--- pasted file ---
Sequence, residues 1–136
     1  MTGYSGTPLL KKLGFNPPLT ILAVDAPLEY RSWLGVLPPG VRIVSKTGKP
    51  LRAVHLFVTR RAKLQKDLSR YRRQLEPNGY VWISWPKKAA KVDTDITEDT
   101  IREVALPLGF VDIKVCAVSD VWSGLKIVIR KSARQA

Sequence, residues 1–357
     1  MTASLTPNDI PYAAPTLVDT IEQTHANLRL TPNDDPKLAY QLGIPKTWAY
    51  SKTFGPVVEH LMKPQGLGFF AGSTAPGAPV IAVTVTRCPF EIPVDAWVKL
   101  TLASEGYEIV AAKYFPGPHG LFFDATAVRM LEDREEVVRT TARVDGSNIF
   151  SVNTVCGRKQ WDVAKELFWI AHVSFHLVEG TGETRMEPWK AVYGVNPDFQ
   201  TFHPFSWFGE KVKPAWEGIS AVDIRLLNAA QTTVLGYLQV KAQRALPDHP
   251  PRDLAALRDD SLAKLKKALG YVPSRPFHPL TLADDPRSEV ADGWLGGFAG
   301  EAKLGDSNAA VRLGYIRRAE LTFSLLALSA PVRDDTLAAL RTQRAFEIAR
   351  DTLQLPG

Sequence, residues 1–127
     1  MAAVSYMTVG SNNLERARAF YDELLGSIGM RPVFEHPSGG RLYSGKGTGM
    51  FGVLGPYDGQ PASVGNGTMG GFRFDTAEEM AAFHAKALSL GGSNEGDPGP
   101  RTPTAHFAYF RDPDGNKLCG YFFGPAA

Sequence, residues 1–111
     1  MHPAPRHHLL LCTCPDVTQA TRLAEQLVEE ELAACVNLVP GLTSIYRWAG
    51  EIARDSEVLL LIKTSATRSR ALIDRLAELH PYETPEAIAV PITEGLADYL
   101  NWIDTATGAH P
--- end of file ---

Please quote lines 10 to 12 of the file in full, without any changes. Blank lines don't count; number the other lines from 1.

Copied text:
   201  TFHPFSWFGE KVKPAWEGIS AVDIRLLNAA QTTVLGYLQV KAQRALPDHP
   251  PRDLAALRDD SLAKLKKALG YVPSRPFHPL TLADDPRSEV ADGWLGGFAG
   301  EAKLGDSNAA VRLGYIRRAE LTFSLLALSA PVRDDTLAAL RTQRAFEIAR